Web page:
Monday, November 12, 2007
Diocean Convention: A Contact Sport
I have always enjoyed going to diocesan conventions. It is the time when all the clergy and laity of an area gather to claim our common heritage, catch up on long-lost relationships, hear new concepts and work for the common good in the diocese. In some ways Diocesan Convention is like a large family reunion, but it does more than just play soft ball.
Since General Convention 2003 it has been difficult to attend our diocesan convention. The family is separated by the same feud that is affecting the whole of the Church. The paucity of leadership creates a need for the gathering into factions to find safety. Friendships are strained by political issues. Faith is stretched almost to tearing. For many the ministry is only satisfying in our congregations. Attachment to a diocese is pro forma at best. Convention is like going to a family reunion when the soft-ball game becomes a way of working out the family feud.
I expect this Diocesan Convention to be no different. I have yet to see the resolutions that are being presented. I know the ones I am presenting. I also know the changes I have suggested to the Canons. They are difficult ones, to be sure. But if we treat them as the soft-ball game, they will never do what they are intended to do.
I have proposed a couple of canonical changes: One to help the failure we have had had in the diocese with regards to the search process for new rectors. I have commented a couple of times on this blog and are available if one scrolls down.
There is one change in the diocesan canons calling for the reinstatement of all who are considered “priests in good standing.” This means that a priest member of the diocese who was not under any disciplinary charge could be considered for a parish, as supply clergy, or interim (if they were so trained). This status of “priest in good standing” was an important one when I graduated from seminary. It allowed parishes to call clergy to serve in their parishes without interference from the bishop. It allowed parishes the freedom to develop their own directions, maintaining that balance between being diocesan and being congregational which has so characterized the Episcopal Church in CNY.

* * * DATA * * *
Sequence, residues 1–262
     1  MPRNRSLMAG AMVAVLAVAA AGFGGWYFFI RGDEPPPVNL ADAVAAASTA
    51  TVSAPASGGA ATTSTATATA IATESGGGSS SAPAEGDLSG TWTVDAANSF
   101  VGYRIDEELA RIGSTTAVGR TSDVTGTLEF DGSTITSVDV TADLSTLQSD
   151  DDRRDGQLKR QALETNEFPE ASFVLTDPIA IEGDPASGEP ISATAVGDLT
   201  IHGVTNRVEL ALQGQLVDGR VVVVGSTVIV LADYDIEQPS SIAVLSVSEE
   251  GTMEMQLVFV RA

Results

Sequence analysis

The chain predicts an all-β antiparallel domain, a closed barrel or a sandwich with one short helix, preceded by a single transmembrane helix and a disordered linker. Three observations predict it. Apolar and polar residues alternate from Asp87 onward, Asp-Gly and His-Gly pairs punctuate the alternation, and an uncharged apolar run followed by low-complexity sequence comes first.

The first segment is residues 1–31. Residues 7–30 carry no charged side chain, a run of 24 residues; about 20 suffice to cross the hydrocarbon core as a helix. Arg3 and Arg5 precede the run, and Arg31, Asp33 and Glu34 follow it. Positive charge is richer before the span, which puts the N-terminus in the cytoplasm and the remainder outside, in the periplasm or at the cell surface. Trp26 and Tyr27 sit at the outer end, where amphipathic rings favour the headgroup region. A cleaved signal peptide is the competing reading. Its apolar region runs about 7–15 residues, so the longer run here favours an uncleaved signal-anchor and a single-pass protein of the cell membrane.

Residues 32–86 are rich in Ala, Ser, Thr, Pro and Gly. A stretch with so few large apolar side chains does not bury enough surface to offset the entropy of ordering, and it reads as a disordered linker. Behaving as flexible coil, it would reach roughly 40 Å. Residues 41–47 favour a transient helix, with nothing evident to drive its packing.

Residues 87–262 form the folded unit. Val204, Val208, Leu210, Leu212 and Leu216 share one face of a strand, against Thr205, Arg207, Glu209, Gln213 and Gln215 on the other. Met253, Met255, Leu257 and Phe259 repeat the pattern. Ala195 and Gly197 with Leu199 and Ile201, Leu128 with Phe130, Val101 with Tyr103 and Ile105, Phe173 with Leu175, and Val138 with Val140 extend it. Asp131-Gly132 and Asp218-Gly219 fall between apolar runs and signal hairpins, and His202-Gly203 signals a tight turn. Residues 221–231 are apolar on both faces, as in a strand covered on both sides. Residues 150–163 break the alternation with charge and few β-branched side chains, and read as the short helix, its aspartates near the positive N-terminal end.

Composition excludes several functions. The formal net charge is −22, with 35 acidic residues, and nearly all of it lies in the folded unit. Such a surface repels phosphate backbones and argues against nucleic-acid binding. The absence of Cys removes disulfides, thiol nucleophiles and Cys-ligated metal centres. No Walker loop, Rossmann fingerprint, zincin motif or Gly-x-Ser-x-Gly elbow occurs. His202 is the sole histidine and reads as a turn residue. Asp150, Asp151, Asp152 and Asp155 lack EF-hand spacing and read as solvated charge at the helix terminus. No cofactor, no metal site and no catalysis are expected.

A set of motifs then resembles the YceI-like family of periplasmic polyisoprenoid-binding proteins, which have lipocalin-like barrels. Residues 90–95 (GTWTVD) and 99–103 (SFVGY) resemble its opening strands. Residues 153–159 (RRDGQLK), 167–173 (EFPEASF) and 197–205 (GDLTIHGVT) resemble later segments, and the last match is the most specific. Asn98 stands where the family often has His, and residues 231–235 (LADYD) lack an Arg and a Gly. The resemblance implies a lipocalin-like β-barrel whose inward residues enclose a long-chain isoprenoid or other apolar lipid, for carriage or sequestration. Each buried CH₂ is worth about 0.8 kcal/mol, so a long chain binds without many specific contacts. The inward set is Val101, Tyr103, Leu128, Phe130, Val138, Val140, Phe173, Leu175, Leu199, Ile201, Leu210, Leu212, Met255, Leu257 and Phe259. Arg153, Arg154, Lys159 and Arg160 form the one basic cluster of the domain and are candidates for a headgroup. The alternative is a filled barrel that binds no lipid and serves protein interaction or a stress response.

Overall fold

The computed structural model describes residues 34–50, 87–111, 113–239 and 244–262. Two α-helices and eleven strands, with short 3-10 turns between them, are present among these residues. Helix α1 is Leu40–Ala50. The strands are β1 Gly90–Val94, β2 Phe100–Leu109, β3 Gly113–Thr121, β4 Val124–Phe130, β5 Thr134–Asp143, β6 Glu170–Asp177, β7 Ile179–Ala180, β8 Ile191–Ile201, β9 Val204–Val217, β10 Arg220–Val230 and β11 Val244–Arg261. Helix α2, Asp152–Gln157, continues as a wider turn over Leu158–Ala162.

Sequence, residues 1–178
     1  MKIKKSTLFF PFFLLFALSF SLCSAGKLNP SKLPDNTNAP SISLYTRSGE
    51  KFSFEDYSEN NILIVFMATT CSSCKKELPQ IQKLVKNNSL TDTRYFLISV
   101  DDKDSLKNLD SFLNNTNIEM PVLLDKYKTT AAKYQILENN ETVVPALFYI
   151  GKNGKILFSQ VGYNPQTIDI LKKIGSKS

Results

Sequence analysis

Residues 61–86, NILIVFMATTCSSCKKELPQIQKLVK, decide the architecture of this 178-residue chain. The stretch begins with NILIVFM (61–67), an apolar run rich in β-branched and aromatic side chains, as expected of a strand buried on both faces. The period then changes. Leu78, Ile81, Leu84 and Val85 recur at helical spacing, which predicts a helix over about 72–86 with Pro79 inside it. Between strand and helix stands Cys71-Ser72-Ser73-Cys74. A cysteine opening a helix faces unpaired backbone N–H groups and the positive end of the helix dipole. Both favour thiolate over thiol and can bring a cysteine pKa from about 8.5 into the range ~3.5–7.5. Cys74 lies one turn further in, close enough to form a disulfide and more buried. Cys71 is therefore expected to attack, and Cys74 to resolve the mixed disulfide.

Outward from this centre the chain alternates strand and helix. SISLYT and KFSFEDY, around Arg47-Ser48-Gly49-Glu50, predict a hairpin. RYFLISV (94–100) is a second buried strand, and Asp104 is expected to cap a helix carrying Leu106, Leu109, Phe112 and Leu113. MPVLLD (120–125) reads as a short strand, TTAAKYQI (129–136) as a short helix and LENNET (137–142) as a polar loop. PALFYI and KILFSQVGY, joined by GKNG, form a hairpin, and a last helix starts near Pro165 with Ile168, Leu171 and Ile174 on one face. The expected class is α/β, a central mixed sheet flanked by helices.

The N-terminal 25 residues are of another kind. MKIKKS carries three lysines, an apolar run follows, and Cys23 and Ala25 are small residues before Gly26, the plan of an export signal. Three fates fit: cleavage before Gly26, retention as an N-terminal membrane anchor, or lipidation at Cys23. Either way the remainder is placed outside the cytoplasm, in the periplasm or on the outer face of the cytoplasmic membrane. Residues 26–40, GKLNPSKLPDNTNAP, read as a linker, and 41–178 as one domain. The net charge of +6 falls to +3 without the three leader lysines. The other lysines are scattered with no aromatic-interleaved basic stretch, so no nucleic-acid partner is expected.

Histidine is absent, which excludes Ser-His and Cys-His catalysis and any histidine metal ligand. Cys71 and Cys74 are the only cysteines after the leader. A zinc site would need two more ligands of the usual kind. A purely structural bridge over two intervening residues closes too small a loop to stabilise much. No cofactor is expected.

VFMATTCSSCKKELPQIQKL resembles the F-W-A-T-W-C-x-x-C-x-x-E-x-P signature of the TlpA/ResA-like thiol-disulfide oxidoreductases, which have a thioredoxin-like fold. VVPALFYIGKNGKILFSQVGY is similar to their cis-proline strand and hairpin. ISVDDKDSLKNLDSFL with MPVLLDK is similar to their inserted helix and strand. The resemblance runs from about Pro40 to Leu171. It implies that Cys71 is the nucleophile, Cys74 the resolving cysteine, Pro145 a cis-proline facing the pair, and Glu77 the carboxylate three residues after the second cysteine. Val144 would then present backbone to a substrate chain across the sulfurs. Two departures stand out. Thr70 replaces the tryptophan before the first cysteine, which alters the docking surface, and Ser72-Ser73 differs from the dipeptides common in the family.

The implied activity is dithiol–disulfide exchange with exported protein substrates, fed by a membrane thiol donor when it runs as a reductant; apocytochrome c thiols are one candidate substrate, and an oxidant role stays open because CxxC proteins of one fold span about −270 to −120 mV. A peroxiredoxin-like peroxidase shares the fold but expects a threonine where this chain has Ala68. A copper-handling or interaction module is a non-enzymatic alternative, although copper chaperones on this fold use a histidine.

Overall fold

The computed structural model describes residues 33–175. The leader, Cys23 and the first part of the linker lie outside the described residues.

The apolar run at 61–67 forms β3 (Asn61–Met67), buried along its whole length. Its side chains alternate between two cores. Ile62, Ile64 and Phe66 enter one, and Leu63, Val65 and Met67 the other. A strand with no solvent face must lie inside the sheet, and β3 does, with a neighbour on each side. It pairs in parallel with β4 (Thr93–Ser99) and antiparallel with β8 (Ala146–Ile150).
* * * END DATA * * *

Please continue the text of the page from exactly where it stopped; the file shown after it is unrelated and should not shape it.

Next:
Being a “priest in good standing” meant that bishops had to respect their clergy as being somewhat free agents and adult contributors to the mission and ministry of the diocese. Bishops could not reign by fiat and neither could clergy. It required the best of all to work together for the benefit of the entire diocese.
Nowadays, the status of being a “priest in good standing” means nothing because the bishop has ways of excluding a “priest in good standing” from the work of the church without due process. Technically this should be against the canons of the church. But at some point in the revision of Title IV, the term “priest in good standing” has been lost. Consequently the bishops may do as they please with the clergy that are listed in their dioceses. They can prohibit a priest from working in their home diocese by fiat rather than by any kind of legal process. It makes the priest, not a prophet but a pawn. It conflicts with every concept of the balance of powers in the Episcopal Church. It is also demeans the position of clergy and especially that of rector.
In the canon I have proposed, I have merely asked for the reinstatement of the position of priest in good standing.
I have also offered a resolution asking for the publication of the Shaffer Report. The Shaffer Report is the document produced by the investigator into the entering of a priest’s retirement fund, and the changing of his pass code by diocesan personnel. It was a report that figured significantly in an ecclesiastical trial in which the bishop refused to make the report available. Since the Diocese paid for the investigation, it is appropriate for the Convention to direct the bishop to make this report public.
Will this report show misconduct by diocesan officials? I don’t know. That is not the point. But when a bishop is willing to allow this document to undermine the whole of his case against Fr. David Bollinger, and waste $187,000 of the diocesan budget, it is time for us as a diocese to call him to account. The lack of trust of bishop AND of clergy by the bishop needs to be addressed. It needs to start being addressed by the Convention. Bishops, clergy and laity must be accountable to the Convention and it is time to call for it.
The sad thing is that our family soft-ball game has turned into tackle football in the diocese. The penchant for maiming one another professionally and spiritually is great. We must take back the dignity of our Diocesan Convention and remind ourselves we have a sacred trust to run the Episcopal Church in the Diocese of Central NY.